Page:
Countdown: El Comercio opens a series of special articles on the next premiere of “Spiderman: No Way Home” (“Spider-Man: No Way Home”), the most anticipated superhero movie of 2021, starring Tom Holland, zendaya, Jacob Batalon, Benedict Cumberbatch; etc. From Monday, December 6 to Wednesday, December 15, we publish reviews of every movie that the arachnid has starred in at the cinema. This time, it’s time to see the second film directed by Sam Raimi, which presented Dr. Octopus from Alfred Molina, which will return to the character.
The first thing I think about when revisiting “Spiderman 2” (Sam Raimi, 2004) is how satisfying it is. Better than the first installment? Yes, but not for the classic reasons, this is more action or new characters. To be a superhero blockbuster, we are facing a film whose heart is the conflict of man against himself.
Two years after his debut as a hero and the death of the Green Goblin, Peter Parker (Tobey Maguire) tries to find a balance between his life as a hero and that as a college student. Short of money and time, he seems resigned to his alter ego ruining his life, even more so when his friends Mary Jane Watson (Kirsten Dunst) and Harry Osborn (James Franco) prosper. For his part, Dr. Otto Octavius (Alfred Molina), a scientist who is admired by Parker, suffers an accident that links him to metal tentacles with artificial intelligence, which upset his mind and lead him to commit crimes. And at the same time, Peter suffers the progressive loss of his powers.
“If this is my destiny …”
In “Spiderman 2” the main conflict is not led by the villain. Alfred Molina does a good job as Otto Octavius; a kind guy, almost like Uncle Ben, who had the potential to be someone very positive in the life of Peter Parker and vice versa. But it is the young man and his secret life who sustain the conflict itself. Who are you? Spider-Man wonders. The applied student? Or the hero that many distrust? Peter, due to the circumstances of his life, is between two stories that he supposes incompatible and that has led him to lie to his loved ones. Thus, the hero is at a time in his life where he does not have fullness in anything he does.
Peter wants to change, but reality holds him back like a wall. Let us remember that the hero, to be one, not only requires courage, but also to be a magnet for problems. And Parker follows that rule when a robbery takes away the last chance to see the show from Mary Jane, who unlike him has not let her traumas control her. But it is too late for Peter to want to conquer her, she found someone else. And just as the problems of this double life reach their climax, when he realizes that being Spiderman isn’t that great, Peter loses his powers.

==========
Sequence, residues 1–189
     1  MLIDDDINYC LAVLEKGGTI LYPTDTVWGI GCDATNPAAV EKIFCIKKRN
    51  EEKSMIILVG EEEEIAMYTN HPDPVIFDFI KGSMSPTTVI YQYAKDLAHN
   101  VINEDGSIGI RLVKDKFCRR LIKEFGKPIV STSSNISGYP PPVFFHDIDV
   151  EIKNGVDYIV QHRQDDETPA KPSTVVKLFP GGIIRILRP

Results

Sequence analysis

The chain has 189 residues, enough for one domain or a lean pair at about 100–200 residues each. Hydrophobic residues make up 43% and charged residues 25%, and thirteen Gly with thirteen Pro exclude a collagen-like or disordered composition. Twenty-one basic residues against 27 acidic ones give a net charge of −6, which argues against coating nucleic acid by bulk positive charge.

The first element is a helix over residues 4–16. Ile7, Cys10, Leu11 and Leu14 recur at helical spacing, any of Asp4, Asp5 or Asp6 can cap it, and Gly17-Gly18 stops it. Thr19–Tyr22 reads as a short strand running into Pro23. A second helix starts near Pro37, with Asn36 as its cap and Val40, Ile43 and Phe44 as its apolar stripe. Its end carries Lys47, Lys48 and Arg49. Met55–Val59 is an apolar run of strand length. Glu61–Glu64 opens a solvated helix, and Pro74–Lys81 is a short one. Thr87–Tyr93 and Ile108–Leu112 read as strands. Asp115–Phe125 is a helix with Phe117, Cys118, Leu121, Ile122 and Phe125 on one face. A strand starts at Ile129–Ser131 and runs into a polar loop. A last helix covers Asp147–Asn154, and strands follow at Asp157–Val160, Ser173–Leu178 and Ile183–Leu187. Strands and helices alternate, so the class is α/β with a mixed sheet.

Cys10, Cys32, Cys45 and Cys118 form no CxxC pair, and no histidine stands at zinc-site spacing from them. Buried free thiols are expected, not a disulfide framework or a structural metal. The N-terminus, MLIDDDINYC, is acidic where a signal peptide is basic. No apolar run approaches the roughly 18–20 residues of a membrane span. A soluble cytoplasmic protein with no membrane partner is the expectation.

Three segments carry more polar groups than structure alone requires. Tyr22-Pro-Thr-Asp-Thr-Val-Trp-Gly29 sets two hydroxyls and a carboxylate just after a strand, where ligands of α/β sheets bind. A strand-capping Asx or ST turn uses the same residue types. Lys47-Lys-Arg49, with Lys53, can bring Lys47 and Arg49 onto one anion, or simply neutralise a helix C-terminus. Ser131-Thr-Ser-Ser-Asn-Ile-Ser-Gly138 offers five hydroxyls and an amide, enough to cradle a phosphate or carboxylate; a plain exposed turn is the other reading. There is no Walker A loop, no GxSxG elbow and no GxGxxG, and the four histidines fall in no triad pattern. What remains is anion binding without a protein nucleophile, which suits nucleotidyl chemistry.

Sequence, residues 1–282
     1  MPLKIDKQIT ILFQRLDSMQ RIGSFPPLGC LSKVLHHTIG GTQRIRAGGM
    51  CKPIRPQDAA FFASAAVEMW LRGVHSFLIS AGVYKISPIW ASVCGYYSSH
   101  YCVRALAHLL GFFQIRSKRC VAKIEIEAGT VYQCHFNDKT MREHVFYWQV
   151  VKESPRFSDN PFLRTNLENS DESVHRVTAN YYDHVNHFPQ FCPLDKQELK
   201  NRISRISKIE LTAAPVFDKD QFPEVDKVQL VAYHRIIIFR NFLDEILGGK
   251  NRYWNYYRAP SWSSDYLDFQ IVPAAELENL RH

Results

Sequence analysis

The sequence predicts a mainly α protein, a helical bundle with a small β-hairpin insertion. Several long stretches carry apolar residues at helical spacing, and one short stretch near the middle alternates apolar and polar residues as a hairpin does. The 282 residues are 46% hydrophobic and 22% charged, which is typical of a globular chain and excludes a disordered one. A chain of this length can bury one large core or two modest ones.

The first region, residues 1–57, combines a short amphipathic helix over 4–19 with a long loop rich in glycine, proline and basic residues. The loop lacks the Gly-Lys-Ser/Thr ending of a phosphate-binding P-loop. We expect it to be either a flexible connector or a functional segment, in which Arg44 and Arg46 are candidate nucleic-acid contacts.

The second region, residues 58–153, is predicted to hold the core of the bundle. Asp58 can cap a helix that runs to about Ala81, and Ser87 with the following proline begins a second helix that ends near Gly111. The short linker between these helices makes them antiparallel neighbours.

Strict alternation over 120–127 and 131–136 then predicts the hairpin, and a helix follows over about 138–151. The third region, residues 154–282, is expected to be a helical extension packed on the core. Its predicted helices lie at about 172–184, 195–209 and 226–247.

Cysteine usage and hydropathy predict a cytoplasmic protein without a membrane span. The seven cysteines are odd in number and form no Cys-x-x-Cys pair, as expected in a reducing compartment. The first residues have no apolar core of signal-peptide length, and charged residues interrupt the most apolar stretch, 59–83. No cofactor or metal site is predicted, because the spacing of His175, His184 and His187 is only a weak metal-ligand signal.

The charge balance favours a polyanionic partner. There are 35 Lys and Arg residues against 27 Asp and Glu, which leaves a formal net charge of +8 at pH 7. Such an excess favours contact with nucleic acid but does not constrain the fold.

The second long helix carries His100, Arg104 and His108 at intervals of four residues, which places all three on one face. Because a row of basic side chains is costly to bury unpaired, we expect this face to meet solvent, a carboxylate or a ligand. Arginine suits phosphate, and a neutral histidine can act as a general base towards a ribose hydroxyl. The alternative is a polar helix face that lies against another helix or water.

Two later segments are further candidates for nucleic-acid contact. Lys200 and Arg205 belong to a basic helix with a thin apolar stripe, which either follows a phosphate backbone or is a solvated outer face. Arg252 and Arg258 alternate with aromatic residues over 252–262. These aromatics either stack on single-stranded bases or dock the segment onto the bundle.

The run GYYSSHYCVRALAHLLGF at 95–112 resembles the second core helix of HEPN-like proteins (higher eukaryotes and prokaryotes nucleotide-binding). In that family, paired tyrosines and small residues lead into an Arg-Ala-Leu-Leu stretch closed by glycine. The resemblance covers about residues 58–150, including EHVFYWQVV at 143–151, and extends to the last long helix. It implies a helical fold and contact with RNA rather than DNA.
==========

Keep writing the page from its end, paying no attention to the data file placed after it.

When I saw the film for the first time in 2004, at the age of 16, I did not understand why this was happening. No poison, no elaborate villain plan for Parker to hang up his suit. Instead a doctor tells him that it is possibly a psychological problem. Performance issuesTony Stark would say. But Peter, instead of taking this as a disgrace, embraces it as a blessing to regain the life he lost and leaves his suit in the trash. Spiderman no more.
But it’s not that Spiderman is a separate facet of Peter, it’s part of him. This is how we see him when, without powers, he saves the little girl from the burning building. And when he hears what others think of his work as a hero. The Peter-Spiderman relationship is not very complex, but it has its nuances. And Peter does like being Spiderman. Which is why it hurts so much when I tell Mary Jane to just be friends. Parenthesis: Peter is a loner, because he does not share his secret with anyone. Instead, when the character debuts in the MCU, he has support networks in his hero life. Perhaps this is why Tom Holland’s arachnid is not so brooding.
But there is no time to feel bad about the hero’s love life, as Octopus attacks. And here I return to the villain of Molina, also controlled by his powers in an evident echo to the Green Goblin of Dafoe. The film does not need to innovate so much with this villain, as Raimi concentrates on the previously seen themes, without this meaning that the antagonist on duty is disappointing. It is not by any means, and so it is written in the resolution of his character arc, when he is aware of his sins after Peter confronts him with his morals. So Octopus says “I will not die a monster” and puts an end to the biggest project of his life.